much New Age and electronic instrumental music relies heavily on atmosphere
and not so much on sheer melodic romanticism. Favoring melodic content
rather than daring atmospherics might not be true for every artist,
but it is in the case of Bernward Koch. Bernwards 2015
album on Real Music is called Remembering and you really
get that feeling of neoclassical remembrances on his most recent CD.
The thirteen track, 63 minute Remembering CD is kind of in
the spirit of Bernwards 2013 album on Real Music, Day of
Life, but if anything Remembering is even more wistful
and nostalgic. Speaking to mwe3.com about his 2015 CD masterpiece,
Bernward adds, "I
started composing directly after the Day of Life album in 2013. Yes,
I always have some kind of déjà vu feeling in my music,
but its not always the same. On
Remembering for example, the track "First Flowers" is a
memory back in time to when I started playing piano at age fifteen.
I was living in a small village in the countryside. It was sunny and
quiet days indeed."
Remembering it almost sounds like Bernward is pining for a
younger and more innocent time in life. The melodies are clearly sentimental
and nostalgic and, while cloaked in the mystery of New Age sonics,
this is clearly an album made by a composer who isnt ashamed
to show his appreciation and craft when it comes to drafting a melody
that will last through time. Its interesting to note that while
Bernward uses the state of the art in audio gear, the musical notes
and content itself sounds relatively timeless in scope and origin.
So, while its easy to get nostalgic or full of reverie for Remembering,
its worth noting one of Bernwards quotes: Strength
lies in calmness. That sense of aural calmness and sonic strength
is at the very core of Remembering. www.BernwardKoch.com
mwe3.com presents an interview
It sounds like your new CD Remembering is a logical extension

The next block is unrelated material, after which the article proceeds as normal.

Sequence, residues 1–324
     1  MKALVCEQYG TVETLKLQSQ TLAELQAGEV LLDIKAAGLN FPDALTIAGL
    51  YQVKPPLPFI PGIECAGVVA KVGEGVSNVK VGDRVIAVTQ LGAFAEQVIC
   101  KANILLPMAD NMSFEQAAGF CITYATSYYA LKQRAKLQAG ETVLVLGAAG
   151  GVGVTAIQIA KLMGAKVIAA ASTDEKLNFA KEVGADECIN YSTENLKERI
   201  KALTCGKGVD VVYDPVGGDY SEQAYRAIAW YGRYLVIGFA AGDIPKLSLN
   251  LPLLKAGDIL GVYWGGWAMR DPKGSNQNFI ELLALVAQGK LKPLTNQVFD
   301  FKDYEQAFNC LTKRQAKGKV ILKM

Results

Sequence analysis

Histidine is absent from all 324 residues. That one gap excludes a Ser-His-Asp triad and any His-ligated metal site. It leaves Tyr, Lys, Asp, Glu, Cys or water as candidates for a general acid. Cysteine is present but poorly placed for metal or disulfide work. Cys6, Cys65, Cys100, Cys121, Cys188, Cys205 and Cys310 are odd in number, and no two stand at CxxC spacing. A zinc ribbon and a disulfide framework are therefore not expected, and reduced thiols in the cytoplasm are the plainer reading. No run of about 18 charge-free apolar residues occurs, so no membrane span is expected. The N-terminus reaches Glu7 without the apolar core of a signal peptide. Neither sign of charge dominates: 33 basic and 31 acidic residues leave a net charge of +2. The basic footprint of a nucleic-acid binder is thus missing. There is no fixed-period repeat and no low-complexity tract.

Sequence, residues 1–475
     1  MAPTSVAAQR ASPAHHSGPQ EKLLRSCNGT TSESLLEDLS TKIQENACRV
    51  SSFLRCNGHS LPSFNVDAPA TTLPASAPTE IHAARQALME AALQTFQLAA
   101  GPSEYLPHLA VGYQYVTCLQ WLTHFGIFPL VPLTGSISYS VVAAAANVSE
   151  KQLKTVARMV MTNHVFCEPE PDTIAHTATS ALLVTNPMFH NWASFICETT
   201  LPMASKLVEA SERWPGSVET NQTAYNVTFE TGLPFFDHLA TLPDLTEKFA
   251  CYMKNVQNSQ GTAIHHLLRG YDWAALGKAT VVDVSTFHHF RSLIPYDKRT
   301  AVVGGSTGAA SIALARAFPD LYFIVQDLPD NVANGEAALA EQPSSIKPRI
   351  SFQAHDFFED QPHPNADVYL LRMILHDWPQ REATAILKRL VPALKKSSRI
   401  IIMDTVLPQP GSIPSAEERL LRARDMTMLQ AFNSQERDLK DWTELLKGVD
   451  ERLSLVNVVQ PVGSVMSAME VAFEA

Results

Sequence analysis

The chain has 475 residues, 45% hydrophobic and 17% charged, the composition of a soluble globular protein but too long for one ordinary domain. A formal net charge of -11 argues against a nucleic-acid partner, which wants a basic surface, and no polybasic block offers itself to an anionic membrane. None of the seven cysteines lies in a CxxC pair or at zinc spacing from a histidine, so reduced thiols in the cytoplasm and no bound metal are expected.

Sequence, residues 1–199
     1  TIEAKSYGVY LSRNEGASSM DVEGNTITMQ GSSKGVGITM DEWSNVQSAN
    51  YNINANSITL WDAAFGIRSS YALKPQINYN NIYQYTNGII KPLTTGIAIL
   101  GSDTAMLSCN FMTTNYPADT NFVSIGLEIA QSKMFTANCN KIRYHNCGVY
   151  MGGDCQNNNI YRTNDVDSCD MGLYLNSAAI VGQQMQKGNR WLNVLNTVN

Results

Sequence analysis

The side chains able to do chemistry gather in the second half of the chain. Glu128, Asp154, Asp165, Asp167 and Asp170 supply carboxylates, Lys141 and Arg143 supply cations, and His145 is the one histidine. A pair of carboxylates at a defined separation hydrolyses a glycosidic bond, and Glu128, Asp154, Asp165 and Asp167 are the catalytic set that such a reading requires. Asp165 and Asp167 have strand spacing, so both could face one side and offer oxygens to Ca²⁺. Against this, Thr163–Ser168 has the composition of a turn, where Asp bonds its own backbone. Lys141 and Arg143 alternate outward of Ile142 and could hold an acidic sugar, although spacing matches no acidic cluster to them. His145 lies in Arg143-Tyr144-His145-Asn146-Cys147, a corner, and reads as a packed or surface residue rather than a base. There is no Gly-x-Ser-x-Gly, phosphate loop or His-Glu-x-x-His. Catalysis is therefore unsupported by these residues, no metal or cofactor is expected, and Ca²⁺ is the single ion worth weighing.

of your 2013 CD Day of Life. How would you say Remembering
is a kind of musical evolution from the Day of Life CD and
how does Remembering compare sound wise with your earlier albums?
Bernward Koch: Actually, Remembering is a completely
new album, but it is the record after the Day of Life. This
time I arranged, for example, more rhythmical tracks and new musical
colors as in the song "Through the Universe", and I'm happy
mwe3: When was the music for Remembering composed and
recorded? It seems like youre still focusing on a kind of scenic
musical memory, putting sound and music into emotional form. You mentioned
that Day of Life had an inner, déjà vu kind of
feel in that a lot of music evoked childhood memories, so does Remembering
still follow on that path and bring up happier times?
Bernward Koch: I started composing directly after the Day
of Life album in 2013. Yes, I always have some kind of déjà
vu feeling in my music, but its not always the same. In Remembering
for example, the track "First Flowers" is a memory back
in time to when I started playing piano at age 15. I was living in
a small village in the countryside. It was sunny with quiet days indeed.
mwe3: You had mentioned for Day of Life you were very
keen on the Yamaha keyboards and you were looking forward to using
even newer gear from Yamaha. Were there any new instruments to create
Remembering and being that you say you follow all the advances in
gear, what interests you these days mostly about new equipment and
Bernward Koch: On Remembering I mainly used the new
Yamaha CP4 stage piano, along with the old Korg SG1D and a D50 Piano
from Omnisphere. I have an old piano and a grand piano in my house.
Its very interesting that the digital pianos work better for
me and my sound. I always need a very special reverb, Lexicon, TC
of course, together with many VST plugins.
I work with Steinberg Cubase Pro 8 and some old synthesizers, Yamaha
DX7, Roland Alpha Juno2, D50, Korg Trinity and many real instruments
like Sonor drums and percussion. So it's important that it all fits
to the music and the compositions to get the right mood. The plugins
are getting better and better, but I prefer to mix them with real
instruments to get more depth and heart.
mwe3: When you write music, do the melodic ideas come first
or do you have the idea for the arrangement or some kind of emotion
or feeling first? How hard is it to come up with original melodic
Koch: I almost always have a melody in my head, mostly without
an instrument, together with the harmonies that come automatically.
I don't know why, but normally it comes easily to me. It has to do
with emotions, yes, but I don't have a formula! After collecting the
tunes, it's important to filter out only the very best compositions
for an album, and only then the real work starts with the arrangements,
mwe3: Theres so many memorable melodies on Remembering.
On the track Carefree Sunday it sounds like youre
channeling a kind of Bach feeling, and I think Procol Harum also had
that same kind of effect on Whiter Shade of Pale. How
important were the great classical composers on your music?
Bernward Koch: Thank you! Well, I love music from JS Bach,
Teleman, and also there are many tracks in rock music history like
"A Whiter Shade of Pale", the Procol Harum song, which is